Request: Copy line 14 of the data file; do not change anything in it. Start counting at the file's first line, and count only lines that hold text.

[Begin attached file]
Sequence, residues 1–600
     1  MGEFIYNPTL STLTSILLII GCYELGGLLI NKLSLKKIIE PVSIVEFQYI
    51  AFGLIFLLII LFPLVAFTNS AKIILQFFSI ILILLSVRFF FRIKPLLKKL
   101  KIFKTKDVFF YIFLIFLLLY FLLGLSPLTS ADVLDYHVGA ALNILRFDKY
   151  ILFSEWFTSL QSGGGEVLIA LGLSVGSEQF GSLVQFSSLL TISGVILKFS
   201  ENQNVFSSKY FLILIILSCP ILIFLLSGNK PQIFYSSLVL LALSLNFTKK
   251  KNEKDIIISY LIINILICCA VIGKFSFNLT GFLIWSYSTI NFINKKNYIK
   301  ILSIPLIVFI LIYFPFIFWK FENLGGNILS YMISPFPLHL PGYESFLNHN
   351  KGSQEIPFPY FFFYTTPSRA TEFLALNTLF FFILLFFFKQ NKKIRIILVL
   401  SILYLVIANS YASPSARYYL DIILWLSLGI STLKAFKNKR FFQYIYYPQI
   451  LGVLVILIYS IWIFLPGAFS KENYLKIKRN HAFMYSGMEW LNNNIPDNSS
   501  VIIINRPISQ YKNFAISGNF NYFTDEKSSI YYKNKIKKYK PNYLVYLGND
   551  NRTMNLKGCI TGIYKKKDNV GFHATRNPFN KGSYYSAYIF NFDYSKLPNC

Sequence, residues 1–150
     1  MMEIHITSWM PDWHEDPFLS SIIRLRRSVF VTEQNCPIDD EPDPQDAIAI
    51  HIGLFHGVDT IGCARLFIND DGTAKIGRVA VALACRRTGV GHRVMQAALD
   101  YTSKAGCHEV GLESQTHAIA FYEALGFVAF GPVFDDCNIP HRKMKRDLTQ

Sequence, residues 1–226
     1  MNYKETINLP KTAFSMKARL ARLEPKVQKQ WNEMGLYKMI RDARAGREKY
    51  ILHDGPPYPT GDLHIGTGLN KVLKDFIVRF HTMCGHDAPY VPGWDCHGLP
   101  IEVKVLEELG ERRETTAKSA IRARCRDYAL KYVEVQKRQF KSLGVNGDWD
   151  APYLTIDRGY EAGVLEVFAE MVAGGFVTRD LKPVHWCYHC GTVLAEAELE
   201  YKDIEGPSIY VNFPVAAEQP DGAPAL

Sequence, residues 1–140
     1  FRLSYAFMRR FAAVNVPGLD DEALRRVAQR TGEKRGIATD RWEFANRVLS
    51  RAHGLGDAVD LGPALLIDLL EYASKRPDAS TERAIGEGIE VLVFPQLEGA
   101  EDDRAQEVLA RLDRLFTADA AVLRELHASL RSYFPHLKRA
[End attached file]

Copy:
Sequence, residues 1–150